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In 1998, a group of veterans from Zimbabwe’s Chimurenga (Independence) war grew tired of the snail-paced land redistribution program and took matters into their own hands. When word got to Harare about farm seizures and sit-ins targeting the descendants of white settlers, President Robert Mugabe’s response became a defining moment for Zimbabwe. Rather than immediately do something to end the crisis, Mugabe instructed his security forces to stand down, and thus commenced the most chaotic and unplanned land reform process in modern history.
Twenty years later, as Zimbabwe still struggles with the disastrous economic effects of trade losses and economic sanctions that followed that episode, Nigeria is in the early stages of its own “1998” moment. Public finances are worse than they have ever been, with debt servicing now taking up 70 percent of all of Nigeria’s income. Of the remaining 30 percent, the majority goes to maintaining the country’s humongous political and civil service structure, and barely anything is left. The clear message is that crude oil is no longer enough to run the country, and that particular resource is a decade and a half away from becoming a worthless antique as alternative energy gains more prominence. At the moment though, nobody is listening. Maybe we need to look at Zimbabwe’s story to understand what is in the offing.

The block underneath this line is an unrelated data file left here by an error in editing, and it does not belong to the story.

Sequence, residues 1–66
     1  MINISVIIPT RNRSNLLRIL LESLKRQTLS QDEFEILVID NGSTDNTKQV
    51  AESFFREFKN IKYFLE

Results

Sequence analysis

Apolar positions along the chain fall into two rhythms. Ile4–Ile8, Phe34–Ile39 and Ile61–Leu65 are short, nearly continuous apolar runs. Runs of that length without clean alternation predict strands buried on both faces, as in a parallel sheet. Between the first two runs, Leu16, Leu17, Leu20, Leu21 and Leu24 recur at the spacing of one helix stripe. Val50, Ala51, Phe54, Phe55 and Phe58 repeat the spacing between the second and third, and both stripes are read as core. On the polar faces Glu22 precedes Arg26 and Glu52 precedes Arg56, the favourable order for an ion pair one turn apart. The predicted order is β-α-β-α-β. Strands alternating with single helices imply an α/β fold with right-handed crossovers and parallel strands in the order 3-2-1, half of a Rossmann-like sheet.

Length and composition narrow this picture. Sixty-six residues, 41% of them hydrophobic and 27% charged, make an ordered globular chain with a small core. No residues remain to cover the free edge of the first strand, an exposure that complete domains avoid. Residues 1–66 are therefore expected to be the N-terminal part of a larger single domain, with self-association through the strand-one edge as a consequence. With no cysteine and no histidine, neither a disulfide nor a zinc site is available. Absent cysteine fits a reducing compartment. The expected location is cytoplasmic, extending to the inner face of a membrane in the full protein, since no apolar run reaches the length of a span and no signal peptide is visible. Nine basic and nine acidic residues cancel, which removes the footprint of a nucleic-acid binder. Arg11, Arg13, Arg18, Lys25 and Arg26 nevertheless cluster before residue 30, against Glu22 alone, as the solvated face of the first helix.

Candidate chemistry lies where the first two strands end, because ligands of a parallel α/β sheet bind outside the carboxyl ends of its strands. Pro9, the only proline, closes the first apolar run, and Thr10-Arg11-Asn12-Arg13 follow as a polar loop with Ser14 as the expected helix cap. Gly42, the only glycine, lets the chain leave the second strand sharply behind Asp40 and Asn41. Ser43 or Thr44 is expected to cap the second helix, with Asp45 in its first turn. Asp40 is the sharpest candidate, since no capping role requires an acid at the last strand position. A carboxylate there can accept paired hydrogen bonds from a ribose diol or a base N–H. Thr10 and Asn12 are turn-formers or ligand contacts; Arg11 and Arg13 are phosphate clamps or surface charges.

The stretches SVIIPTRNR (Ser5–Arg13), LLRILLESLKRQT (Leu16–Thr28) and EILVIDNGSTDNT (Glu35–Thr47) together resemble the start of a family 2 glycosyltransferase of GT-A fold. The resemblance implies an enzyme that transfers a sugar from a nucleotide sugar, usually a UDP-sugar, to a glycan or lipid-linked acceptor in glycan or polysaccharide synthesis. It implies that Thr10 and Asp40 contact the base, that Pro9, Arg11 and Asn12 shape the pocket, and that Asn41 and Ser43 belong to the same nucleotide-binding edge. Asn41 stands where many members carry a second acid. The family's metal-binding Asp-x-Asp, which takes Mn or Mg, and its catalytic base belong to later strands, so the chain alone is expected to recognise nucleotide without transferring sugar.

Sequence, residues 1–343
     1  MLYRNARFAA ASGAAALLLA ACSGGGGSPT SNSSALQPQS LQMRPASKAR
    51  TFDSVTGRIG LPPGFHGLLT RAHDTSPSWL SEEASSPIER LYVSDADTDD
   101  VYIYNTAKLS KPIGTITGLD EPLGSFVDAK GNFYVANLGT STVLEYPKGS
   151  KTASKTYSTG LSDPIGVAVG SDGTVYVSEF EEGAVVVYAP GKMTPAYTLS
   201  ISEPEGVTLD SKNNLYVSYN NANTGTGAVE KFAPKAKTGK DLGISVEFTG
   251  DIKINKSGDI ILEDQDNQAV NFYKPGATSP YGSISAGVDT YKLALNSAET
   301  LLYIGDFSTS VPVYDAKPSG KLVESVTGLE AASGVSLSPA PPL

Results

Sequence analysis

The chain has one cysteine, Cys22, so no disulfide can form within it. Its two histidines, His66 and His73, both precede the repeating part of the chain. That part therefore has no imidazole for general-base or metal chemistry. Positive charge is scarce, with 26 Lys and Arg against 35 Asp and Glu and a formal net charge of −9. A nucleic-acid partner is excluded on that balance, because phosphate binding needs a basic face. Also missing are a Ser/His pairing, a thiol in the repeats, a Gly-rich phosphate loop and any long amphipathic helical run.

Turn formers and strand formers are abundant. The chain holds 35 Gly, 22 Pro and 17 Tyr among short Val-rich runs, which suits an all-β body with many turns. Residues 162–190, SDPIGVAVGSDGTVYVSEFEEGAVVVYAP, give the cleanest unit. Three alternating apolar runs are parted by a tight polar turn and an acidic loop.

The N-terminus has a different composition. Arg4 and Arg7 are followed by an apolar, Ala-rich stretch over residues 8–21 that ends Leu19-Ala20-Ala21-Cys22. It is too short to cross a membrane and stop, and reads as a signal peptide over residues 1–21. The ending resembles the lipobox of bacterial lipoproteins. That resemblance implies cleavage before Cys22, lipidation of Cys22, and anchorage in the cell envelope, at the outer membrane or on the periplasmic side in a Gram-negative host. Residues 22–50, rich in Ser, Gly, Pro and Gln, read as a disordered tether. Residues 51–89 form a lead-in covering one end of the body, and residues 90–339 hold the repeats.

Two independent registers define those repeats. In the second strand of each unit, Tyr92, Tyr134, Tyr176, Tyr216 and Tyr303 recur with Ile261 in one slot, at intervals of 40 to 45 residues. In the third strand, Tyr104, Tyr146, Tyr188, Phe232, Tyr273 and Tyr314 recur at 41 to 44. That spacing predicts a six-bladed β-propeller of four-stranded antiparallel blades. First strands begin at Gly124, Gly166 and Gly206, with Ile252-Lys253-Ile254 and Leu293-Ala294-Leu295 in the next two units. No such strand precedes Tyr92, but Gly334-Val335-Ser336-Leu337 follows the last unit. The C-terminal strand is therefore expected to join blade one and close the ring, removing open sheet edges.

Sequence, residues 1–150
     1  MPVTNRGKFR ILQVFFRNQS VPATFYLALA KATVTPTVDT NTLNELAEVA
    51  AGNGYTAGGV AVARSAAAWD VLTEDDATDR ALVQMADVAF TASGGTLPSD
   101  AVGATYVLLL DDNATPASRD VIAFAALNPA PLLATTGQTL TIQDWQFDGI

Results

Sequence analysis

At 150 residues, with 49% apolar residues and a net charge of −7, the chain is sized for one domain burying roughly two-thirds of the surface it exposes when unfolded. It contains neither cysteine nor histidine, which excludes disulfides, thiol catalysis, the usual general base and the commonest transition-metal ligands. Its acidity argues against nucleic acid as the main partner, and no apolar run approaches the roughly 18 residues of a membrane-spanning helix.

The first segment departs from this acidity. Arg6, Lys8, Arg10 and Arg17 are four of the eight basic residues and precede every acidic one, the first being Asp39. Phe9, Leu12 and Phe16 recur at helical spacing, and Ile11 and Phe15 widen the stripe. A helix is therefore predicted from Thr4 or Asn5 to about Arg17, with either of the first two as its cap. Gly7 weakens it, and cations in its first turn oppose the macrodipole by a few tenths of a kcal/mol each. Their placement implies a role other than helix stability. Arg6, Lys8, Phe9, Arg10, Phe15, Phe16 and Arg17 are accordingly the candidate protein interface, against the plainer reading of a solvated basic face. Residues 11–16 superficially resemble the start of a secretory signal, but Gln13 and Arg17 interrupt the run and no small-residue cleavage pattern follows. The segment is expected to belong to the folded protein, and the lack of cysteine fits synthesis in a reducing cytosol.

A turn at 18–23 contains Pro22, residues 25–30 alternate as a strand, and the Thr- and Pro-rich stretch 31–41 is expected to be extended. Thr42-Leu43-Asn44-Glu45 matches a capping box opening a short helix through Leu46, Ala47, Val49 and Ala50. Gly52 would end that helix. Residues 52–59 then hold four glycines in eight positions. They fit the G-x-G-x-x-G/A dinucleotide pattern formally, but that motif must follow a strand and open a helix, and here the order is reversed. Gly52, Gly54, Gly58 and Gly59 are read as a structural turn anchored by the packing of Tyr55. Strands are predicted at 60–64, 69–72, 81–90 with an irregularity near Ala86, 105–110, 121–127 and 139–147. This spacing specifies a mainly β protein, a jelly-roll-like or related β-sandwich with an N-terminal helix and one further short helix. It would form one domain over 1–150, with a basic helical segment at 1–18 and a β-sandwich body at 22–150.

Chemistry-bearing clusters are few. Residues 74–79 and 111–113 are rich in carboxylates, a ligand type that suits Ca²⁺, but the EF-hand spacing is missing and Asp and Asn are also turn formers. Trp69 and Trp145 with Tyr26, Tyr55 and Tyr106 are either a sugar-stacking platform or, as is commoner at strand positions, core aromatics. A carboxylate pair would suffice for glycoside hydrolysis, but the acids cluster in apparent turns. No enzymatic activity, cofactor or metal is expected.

Government Fiat Fixes Nothing
Like present-day Venezuela, Zimbabwe was noted for its ridiculous hyperinflation that famously saw it print a fifty trillion Zim dollar note in 2008. As the country’s economy progressively broke down due to lack of liquidity, the government tried to artificially create liquidity through quantitative easing – printing money for the uninitiated. Of course, that only resulted in the Zim dollar becoming worthless as there was no corresponding income in hard currency to … Read More...